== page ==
When last we left Demon’s Path, Sam had lost his (underage) girlfriend, who had then been brought back to life by Chow Chu Kei, only to throw some shade before vanishing once more into the deep. We also see the creepy mortician do some sort of weird mind link with the body just so he could… experience her pain?
Episode two opens with a man looking for things in a shop; specifically, things that can help him dispose of a body. I am not sure who this man is, but he appears to be a killer. This is shown by copious amounts of blood and body parts in the man’s room, and him cutting up what looks like a really large bone. Demon’s Path gets graphic with their gore, which came as a surprise compared with the tame murder scene of Lam Lam.
Oh, and the man from the first episode, who I think has cancer, makes an appearance.
Our intrepid heroes are away on a search for the original cardboard box murderer, Sito Wing Keung, a man who was recently (secretly) released from prison after serving his time. The episode delves into this, making the episode surprisingly engaging, but, of course, there are still moments that remain absolutely ridiculous.
The squad sets off on a hunt for the killer’s students/disciples, convinced that he has made one of them into a cardboard-box killer–copycat or that one of the disciples are doing it out of respect for him. There’s also a point that’s been mentioned more than once, which is that some people say that the man who was sent to prison was wrongly accused.
The squad then goes looking for the students of Keung, leading to a dead end before being able to find their way forward. Hot on the trail of one of Keung’s students, Sam gets involved in a tussle, gets reckless with his gun, and has this wonderful chase sequence, as well.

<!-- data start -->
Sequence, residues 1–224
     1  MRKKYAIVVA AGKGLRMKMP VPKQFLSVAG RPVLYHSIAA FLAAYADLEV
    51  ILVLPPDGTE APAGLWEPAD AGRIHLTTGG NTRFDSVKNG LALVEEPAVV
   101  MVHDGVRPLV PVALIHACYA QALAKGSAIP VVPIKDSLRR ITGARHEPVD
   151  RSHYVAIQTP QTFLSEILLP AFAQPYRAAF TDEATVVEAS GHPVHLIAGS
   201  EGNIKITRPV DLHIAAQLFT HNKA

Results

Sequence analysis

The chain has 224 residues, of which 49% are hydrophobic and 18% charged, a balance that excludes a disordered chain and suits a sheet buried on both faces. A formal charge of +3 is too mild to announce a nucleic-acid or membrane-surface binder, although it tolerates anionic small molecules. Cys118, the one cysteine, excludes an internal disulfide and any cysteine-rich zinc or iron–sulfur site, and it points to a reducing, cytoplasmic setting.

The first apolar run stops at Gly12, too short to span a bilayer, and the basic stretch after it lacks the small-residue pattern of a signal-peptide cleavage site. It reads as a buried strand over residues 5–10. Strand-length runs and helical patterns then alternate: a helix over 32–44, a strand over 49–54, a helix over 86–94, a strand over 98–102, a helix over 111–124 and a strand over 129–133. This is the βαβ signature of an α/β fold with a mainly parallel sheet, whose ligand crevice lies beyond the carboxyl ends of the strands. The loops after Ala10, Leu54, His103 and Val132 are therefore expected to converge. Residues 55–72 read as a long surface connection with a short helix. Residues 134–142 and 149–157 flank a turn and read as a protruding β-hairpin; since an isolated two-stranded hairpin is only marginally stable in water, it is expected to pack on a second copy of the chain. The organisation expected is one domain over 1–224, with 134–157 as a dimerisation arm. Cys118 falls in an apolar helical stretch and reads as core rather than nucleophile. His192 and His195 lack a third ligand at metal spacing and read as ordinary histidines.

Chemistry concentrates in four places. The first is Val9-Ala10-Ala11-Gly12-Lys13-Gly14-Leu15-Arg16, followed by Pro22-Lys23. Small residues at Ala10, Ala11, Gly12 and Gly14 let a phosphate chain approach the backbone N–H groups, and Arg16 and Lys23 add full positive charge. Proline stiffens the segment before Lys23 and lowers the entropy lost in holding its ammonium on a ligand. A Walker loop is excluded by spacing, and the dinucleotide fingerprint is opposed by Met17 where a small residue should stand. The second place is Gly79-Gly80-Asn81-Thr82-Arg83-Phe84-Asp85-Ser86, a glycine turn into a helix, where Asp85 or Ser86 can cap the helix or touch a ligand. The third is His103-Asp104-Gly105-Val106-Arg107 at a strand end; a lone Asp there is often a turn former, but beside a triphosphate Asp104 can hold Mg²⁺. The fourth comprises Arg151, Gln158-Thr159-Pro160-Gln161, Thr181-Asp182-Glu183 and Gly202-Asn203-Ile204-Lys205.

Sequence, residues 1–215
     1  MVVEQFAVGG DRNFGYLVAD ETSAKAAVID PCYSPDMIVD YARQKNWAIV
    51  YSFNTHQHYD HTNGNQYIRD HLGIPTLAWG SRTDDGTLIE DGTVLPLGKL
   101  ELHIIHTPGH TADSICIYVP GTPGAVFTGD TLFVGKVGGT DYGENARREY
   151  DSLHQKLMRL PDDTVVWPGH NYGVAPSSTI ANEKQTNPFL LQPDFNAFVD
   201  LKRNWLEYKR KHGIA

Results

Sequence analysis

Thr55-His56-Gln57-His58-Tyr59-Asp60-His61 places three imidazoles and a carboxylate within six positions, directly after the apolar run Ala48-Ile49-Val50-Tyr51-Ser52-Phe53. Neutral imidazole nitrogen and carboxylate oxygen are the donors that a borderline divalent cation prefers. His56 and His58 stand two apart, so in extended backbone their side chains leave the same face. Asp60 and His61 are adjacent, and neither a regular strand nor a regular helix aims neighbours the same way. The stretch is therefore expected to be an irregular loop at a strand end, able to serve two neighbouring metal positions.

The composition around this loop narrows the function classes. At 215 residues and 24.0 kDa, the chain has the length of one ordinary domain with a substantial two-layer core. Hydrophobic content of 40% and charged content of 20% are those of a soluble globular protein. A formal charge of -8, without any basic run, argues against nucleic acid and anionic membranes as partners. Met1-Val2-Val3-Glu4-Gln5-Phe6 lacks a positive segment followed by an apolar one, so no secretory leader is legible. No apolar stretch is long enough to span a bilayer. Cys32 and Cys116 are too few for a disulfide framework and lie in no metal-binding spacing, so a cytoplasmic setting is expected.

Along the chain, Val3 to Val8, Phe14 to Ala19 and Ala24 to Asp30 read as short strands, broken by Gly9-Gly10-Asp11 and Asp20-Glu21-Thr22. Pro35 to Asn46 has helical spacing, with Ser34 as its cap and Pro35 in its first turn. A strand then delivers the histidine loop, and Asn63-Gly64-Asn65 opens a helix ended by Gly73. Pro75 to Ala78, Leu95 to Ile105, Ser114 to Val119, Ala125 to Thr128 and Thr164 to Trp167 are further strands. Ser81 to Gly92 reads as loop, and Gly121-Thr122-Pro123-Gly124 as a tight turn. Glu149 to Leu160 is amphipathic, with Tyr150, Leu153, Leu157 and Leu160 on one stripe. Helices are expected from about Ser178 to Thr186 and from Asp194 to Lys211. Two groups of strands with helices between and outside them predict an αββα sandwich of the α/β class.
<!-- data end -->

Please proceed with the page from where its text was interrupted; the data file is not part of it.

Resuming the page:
This sequence ends in Tung’s death, but not before Tung earnestly professes his faith in the Master and the fact that he’s innocent. Of course, now that he’s dead, there’s only one place for him to go.
Here, not only do they find out who their next target is, they also find out that Sam’s girlfriend was pregnant and, for some reason, Ho put the baby in a jar. Sam signs away his rights to… something, just so he can take a look inside Tung’s head, finding a way forward to their next suspect: Peter.
Meanwhile, someone is busy cutting up and getting rid of the disciples of Keung, for reasons that are unknown at this point.
The rules of Demon’s Path are shaky. It doesn’t seem to matter when they say that the dead can only speak three lines, which in itself is arbitrary; when more lines are needed, more are provided. What matters most is getting the biggest reaction out of the viewer, and doing so in the most hodgepodge manner possible. The biggest problem with the show is that you cannot empathise with the characters because you know nothing about them.
That’ s not important, however. What is important is the fact that Demon’s Path continues to be as ridiculous as it is, allowing for moments like this to happen.